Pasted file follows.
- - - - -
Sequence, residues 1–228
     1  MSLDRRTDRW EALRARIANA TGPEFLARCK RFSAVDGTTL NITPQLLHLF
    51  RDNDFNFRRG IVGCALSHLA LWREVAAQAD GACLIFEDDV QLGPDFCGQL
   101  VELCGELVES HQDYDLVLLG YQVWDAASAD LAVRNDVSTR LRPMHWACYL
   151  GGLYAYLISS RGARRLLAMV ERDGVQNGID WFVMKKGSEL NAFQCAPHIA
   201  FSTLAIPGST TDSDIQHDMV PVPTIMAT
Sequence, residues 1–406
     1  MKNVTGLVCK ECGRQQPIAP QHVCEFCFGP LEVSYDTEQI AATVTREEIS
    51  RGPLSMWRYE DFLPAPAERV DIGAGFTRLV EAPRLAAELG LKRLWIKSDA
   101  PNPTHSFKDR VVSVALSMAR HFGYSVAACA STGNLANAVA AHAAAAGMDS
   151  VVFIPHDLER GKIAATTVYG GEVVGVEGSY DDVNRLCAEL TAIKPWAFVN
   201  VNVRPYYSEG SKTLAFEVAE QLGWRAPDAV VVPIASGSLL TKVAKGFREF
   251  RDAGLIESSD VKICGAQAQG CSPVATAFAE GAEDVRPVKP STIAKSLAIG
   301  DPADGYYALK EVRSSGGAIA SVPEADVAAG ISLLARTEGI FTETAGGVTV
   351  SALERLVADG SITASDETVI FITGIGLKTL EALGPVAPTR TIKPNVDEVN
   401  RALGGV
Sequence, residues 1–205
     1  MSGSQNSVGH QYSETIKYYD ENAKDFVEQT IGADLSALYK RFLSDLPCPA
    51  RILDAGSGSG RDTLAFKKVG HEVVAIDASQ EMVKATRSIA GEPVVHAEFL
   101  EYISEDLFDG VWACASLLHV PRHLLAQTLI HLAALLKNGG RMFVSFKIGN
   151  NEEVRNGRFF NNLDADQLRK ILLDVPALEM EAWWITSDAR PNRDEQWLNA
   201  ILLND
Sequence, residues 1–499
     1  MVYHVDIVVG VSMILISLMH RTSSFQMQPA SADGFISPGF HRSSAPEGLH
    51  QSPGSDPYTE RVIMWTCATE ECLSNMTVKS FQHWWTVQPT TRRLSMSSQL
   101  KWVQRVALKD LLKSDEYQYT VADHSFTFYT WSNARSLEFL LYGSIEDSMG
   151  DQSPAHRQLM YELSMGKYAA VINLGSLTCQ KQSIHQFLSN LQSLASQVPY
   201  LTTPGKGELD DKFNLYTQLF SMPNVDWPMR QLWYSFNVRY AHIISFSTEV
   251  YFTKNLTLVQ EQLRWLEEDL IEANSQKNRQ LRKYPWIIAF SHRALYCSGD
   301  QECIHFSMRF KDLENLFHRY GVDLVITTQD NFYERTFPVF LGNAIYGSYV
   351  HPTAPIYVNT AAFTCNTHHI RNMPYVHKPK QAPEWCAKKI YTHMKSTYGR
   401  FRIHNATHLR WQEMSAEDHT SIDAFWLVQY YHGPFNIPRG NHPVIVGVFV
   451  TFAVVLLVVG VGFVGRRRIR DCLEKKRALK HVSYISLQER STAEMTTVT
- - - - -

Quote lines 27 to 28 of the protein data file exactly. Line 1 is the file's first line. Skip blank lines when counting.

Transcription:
   151  DQSPAHRQLM YELSMGKYAA VINLGSLTCQ KQSIHQFLSN LQSLASQVPY
   201  LTTPGKGELD DKFNLYTQLF SMPNVDWPMR QLWYSFNVRY AHIISFSTEV